Canada is scheduled for its universal periodic review (UPR) at the UN human rights council on 26 April. The UPR is an international mechanism established in 2006 to hold governments accountable for their human rights records. According to Ban Ki-moon, the review has the potential “to promote and protect human rights in the darkest corners of the world“.
When Canada stands before the UN to have its “darkest corners” examined, the international community must not turn a blind eye to its complicity with a global mining industry whose corporations are among the worst human rights and environmental offenders in the world.
The abuses by Canadian mining companies are a systemic part of an economic development policy that disregards human rights and disdains the environment. It is no coincidence that Canada is now home to 75% of the world’s mining companies, the majority operating overseas. The Canadian government has accelerated its pursuit of investment treaties in the global south to serve the interests of the extractive industry. These treaties allow companies to challenge environmental, public health or other resource-related policies that affect mining profits.
At the same time, Canada allows its corporations to benefit from a climate of impunity, offering no legal recourse for adversely impacted communities and demanding no accountability in exchange for generous public subsidies, as the EU and other jurisdictions do. These conditions have made Canada a haven for the global mining industry.
Canadian mining companies are operating at the heart of violent conflicts around the world. Although the industry often claims the violence is localised and specific, there is an unmistakable pattern of social conflict surrounding mining projects. Anti-mining activists are being brutally attacked and killed for voicing their opposition to mega-mining project in communities throughout the global south. Yet impacted communities have been unsuccessful in bringing their cases to Canadian courts.
Last year, a Québec court of appeal rejected a suit by citizens of the Democratic Republic of the Congo against Montreal-based Anvil Mining Limited for allegedly providing logistical support to the DRC army as it carried out a massacre, killing as many as 100 people in the town of Kilwa near the company’s silver and copper mine. The supreme court of Canada later confirmed that Canadian courts had no jurisdiction over the company’s actions in the DRC when it rejected the plaintiffs’ request to appeal. Kairos Canada, a faith-based organisation, concluded that the supreme court’s ruling would “have broader implications for other victims of human rights abuses committed by Canadian companies and their chances of bringing similar cases to our courts”.
In an increasingly water-hungry world, much of the community resistance to Canadian mining has been in defence of local water supplies. Mining projects require tremendous amounts of water and employ methods that contaminate precious water resources. A recent report by Earthworks and MiningWatch Canada (pdf) found that 180 million tonnes of hazardous mine waste was being dumped every year into lakes, rivers and oceans worldwide.
In El Salvador, where more than 60% of the population relies on a single source of water, this means choosing between drinking water and mining. In 2009, after immense public pressure, the country chose water. It established a moratorium on metal mining permits. Polls show that a strong majority of Salvadorans would now like a permanent ban.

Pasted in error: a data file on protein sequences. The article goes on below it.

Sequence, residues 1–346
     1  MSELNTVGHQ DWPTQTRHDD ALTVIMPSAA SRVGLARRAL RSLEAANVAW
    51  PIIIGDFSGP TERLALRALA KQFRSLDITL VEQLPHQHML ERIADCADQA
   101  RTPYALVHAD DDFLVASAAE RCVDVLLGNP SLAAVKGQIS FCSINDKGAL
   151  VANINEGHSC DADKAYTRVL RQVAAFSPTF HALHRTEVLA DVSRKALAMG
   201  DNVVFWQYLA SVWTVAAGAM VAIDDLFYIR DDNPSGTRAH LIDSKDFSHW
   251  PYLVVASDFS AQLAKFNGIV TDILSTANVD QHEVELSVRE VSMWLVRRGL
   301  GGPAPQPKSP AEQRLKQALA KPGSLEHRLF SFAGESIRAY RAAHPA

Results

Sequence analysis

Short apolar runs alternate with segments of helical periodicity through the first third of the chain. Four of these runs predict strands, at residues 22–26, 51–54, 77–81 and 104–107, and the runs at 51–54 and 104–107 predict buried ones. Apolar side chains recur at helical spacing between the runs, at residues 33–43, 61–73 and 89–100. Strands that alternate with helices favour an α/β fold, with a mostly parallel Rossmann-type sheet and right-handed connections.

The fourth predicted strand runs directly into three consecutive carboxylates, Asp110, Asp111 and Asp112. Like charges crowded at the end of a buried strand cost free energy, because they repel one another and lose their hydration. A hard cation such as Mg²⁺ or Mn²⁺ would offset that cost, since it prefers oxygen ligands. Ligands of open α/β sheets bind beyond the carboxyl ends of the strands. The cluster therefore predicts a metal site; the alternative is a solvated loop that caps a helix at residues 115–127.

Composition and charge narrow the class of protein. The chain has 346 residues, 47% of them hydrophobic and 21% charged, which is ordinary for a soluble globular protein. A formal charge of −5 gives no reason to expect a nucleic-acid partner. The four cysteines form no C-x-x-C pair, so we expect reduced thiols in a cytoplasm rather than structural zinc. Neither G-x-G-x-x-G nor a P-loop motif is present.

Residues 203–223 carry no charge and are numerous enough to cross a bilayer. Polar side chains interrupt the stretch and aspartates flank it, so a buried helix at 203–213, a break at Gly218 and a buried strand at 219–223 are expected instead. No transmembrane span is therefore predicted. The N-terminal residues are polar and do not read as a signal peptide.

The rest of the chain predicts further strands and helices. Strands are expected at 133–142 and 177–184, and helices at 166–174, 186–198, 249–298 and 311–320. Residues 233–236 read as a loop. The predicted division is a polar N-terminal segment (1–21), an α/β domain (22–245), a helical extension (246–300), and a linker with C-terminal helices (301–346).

In Chile, after community resistance to a massive silver-gold project by Canadian mining giant Barrick Gold, an appeals court recently ordered a suspension of operations due to concerns that the project was polluting surface and groundwater in the Atacama desert, one of the driest regions in the world.
Yet, in a globalised world, these victories are precarious. Even when corporations are found in violation of domestic laws, or when communities reject destructive resource projects, mining companies are able to use bilateral investment treaties to plough ahead, or to demand compensation for “lost” profit.
Vancouver-based Pacific Rim – which describes itself on its website as “an environmentally and socially responsible exploration company whose business plans and management talent focus on high grade, environmentally clean gold deposits in the Americas” – is suing El Salvador through a World Bank trade tribunal for $315m (£207m) for refusing permits for a gold mine in the Department of Cabanas.
Canada is pursuing a trade agreement with El Salvador that would further entrench the rights of mining corporations and make a mining ban virtually impossible.
A similar battle is being played out in neighbouring Costa Rica whereCalgary-based Infinito Gold is threatening to sue for $1bn if two supreme court rulings affirming the country’s ban on opencast mining are not overturned. And in Chile, the battle continues as Barrick Gold evaluates its legal options.
As noted in a recent briefing note (pdf) by the UN Conference on Trade and Development, the International Centre for Settlement of Investment Disputes warned in its 2012 ruling of a dispute between French multinational water company SAUR and the government of Argentina, that human rights must not undermine investor protection.
It is time that international human rights bodies challenged this logic. The example of Canadian mining underscores the urgent need for the Human Rights Council to defend the primacy of human rights. If global human rights mechanisms do not confront the logic of international corporate rights championed by states like Canada, they risk becoming irrelevant.
• The penultimate paragraph of this article was amended on 29 April 2013. Originally, the article said the UN Conference on Trade and Development had declared in a briefing note that enforcement of human rights must not undermine investor rights. This has now been changed.